This article first appeared on iMedia Connection.

At this year’s Google I/O, SVP Sundar Pichai got on stage to announce that Android had over one billion monthly active users and that they’re shipping 315 million new smartphones each quarter. This staggering figure is up 86% from just one year ago. Of course, one of the biggest challenges for developers is that Android is spread across multiple device formats and only 5% of users have the newest version of Android.

This situation, in essence, is how technology has impacted marketing. We have never been able to reach so many people as we can now. Billions of consumers in hundreds of markets around the world are all connected via digital platforms and can be targeted with visual and interactive content. But at the same time, the channels, content, and companies involved in executing a marketing campaign have also exploded.

Scott Brinker has been tracking the marketing technology landscape and released his first map of vendors in 2011 with just 100 companies. Only three years later, the landscape has expanded to 947 companies across dozens categories. Even if the field thins out a little through inevitable company closures or acquisitions and roll ups, this is the new reality: the CMO is forecasted to spend more on IT and analytics by 2017 than the CIO . The pace of change for marketing is accelerating — this moment is the slowest it will ever be.


How New Technology Forces Change

Technological shifts force organizations to change how they operate. The assembly lines implemented by Robert Domm, Henry Ford, and others were leaps and bounds beyond prior manufacturing practices. Ford was able to churn out cars 8x faster than before – new Model-T’s were now coming off the line every 3 minutes. Every automotive company had to adopt this “technology” or go out of business (and over 250 companies in fact did). In the same way, brands have to adopt new technologies that increase efficiency if they hope to deal with the volume of new posts, photos, videos, tweets, and comments that exist today.

The fact is, if you aren’t putting technology at the core of your marketing department then something is not right. Harnessing marketing technology isn’t a preference or a unique differentiator — it is table stakes. The real value is in bringing disparate systems together while figuring out a workflow that’s cost-effective, drives business objectives, and stays flexible to change.

How the Enterprise Adapts to Change

When faced with massive shifts, organizations traditionally respond with a standard playbook of tactics. You could hire a vendor to develop a solution for you — the old axiom “no one got fired for buying IBM” is perhaps one of the most effective marketing phrases in history.

The other approach might be to retain consultants with outside expertise to help augment your staff and your workflow and advise on solutions. At the height of the Six Sigma fervor, there were countless consultancies offering “black belts” and “master black belts” to help firms deal with the change.

And finally, you could outsource the function entirely to another organization and leave them the responsibility of setting the strategy and procuring the right solutions. Think of how legal firms and ad agencies often wield tremendous power within an organization by owning and executing on key activities for the enterprise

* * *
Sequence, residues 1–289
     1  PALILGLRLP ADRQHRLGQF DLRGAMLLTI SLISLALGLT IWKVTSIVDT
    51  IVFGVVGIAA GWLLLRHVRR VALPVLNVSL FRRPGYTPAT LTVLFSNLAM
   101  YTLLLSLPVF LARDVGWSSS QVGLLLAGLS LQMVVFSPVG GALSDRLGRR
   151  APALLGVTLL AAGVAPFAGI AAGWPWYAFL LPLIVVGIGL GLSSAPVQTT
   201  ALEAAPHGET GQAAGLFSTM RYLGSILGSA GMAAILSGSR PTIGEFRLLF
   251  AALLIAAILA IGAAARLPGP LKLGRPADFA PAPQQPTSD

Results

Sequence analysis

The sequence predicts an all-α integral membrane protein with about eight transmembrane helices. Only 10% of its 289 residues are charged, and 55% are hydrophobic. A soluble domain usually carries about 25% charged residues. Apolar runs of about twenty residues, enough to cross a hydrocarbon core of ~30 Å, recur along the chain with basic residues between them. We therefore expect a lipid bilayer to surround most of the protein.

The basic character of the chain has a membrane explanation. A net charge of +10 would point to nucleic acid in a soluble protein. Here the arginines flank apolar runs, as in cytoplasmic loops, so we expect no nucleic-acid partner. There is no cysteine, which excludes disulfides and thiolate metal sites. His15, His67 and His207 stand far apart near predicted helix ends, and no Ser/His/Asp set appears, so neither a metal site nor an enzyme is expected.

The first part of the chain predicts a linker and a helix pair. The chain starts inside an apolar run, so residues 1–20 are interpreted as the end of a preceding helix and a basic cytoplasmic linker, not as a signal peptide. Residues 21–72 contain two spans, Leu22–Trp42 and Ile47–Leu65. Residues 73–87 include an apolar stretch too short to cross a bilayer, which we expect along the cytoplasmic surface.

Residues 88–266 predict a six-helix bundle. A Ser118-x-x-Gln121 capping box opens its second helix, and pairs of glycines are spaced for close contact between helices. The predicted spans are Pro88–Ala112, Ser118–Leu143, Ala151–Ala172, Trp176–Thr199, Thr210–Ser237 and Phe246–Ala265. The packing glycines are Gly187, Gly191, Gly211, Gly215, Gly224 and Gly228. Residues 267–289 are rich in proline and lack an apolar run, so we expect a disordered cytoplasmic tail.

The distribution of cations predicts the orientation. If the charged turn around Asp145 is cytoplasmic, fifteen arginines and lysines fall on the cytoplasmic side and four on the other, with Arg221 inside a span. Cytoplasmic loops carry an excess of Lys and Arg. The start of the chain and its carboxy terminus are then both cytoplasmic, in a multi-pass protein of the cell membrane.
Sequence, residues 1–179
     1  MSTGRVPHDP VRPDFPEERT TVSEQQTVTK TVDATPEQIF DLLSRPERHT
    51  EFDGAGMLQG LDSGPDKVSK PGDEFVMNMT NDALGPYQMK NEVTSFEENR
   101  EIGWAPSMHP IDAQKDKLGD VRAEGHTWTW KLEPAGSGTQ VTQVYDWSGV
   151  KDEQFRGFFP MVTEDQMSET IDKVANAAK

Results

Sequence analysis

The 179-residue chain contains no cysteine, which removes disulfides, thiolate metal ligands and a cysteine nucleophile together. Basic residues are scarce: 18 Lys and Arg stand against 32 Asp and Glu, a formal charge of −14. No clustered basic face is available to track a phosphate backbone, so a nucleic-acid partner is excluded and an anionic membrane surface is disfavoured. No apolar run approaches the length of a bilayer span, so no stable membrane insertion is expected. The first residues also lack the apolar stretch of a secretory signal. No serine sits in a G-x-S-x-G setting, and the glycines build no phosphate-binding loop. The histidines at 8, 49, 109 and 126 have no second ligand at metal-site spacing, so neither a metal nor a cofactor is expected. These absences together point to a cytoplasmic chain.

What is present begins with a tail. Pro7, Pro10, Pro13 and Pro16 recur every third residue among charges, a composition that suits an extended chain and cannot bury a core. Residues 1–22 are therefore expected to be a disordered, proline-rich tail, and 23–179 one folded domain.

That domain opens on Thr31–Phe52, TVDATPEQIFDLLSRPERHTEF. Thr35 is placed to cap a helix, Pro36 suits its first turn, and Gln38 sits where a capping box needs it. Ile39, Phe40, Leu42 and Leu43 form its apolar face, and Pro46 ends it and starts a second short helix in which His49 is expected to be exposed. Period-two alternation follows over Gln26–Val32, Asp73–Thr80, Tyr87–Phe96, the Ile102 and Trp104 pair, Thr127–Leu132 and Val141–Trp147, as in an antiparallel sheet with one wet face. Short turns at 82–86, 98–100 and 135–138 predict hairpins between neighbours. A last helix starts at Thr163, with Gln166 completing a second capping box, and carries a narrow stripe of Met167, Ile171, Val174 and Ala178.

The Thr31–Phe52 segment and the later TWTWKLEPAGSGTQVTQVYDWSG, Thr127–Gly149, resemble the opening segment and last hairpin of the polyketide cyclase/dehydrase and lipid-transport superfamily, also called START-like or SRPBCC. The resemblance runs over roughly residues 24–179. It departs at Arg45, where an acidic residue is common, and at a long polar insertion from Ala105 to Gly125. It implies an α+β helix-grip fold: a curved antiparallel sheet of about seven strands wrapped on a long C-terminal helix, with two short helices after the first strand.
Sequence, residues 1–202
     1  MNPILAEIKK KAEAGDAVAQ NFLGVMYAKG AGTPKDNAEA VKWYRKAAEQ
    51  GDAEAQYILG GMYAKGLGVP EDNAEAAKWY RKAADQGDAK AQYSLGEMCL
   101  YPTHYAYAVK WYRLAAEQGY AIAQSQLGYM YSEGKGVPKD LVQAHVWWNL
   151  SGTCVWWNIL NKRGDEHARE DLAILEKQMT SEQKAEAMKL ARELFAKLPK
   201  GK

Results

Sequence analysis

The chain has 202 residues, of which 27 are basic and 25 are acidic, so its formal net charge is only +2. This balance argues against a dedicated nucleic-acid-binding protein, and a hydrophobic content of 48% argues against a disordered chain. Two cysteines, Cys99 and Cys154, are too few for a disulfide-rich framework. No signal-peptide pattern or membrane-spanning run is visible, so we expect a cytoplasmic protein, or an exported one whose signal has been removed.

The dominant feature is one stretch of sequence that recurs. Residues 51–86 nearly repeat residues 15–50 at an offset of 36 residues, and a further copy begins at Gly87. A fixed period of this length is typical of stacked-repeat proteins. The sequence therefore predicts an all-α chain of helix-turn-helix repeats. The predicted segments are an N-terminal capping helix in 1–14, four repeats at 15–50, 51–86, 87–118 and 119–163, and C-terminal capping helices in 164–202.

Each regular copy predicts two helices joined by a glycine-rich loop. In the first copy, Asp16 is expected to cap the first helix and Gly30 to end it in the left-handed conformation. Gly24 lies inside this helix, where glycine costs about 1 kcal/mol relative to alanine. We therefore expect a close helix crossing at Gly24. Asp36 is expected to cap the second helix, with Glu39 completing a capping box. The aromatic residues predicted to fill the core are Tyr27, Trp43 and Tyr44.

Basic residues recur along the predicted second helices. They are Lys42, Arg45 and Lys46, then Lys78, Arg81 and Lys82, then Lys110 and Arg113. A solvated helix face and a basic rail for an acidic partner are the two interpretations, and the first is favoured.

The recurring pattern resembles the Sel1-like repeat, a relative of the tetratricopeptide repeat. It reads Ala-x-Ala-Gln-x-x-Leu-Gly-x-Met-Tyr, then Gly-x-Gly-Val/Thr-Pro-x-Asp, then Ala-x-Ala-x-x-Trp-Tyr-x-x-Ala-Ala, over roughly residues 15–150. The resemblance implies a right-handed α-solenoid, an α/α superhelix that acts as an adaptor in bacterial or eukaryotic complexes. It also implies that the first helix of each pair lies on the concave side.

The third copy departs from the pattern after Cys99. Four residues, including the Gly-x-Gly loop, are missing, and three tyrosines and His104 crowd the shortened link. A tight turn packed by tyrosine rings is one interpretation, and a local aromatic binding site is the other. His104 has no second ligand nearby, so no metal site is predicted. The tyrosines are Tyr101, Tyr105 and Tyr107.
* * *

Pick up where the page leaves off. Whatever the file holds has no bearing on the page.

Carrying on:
While these solutions are still effective, the marketer’s challenge is so much greater. CMO’s can’t reflexively just hire a new agency or buy the latest offering from lumbering tech giants and expect the job to be finished.

New Realities Require New Solutions

Bring technical expertise in-house. Gartner has been tracking the development of a chief marketing technology officer (CMTO): a marketing leader that’s part technical, part procurement, and part workflow management. Reporting to the CMO, this role requires a thorough understanding of the company’s strategic marketing initiatives, an appreciation for where the audience is, and what technologies would be most necessary to deliver results. CMO’s, particularly those with a traditional brand management background, would be wise to recruit such an individual into their team.

Vendors that understand your industry and your workflow. When you talk to technologists who sell to enterprise, across sectors, the successful ones have all come to realize that they have to do far more than just sell pure tech. They have to offer catered solutions that recognize that food and beverage companies operate differently from financial services companies which operate differently from the automobile industry. Finding vendors that have built a practice around your field is crucial.

Agencies that embrace technology. There’s a war right now between PR agencies and ad agencies to win more of the marketing business. That’s a great thing for brands because it means CMO’s have more options and opportunities to find a great partner. But some agencies see technology as a threat or as a way for engineers to turn creativity into a factory. This simply isn’t the case: great technology makes workflows more efficient, and frees marketers to focus on the truly creative and high-leverage activities: understanding audience, developing compelling campaigns, making data-driven decisions. Brands need agencies that understand the value of great tech.

We live in amazing times. We’re going to see 3 billion people move into the middle class in the next 15 years, a transition driven by internet access, mobile computing, and other technologies. CMO’s need to take the lead in transforming their organizations to prepare for a world where pretty much everyone wants — and can afford — your products.

(Title photo courtesy of dany13)

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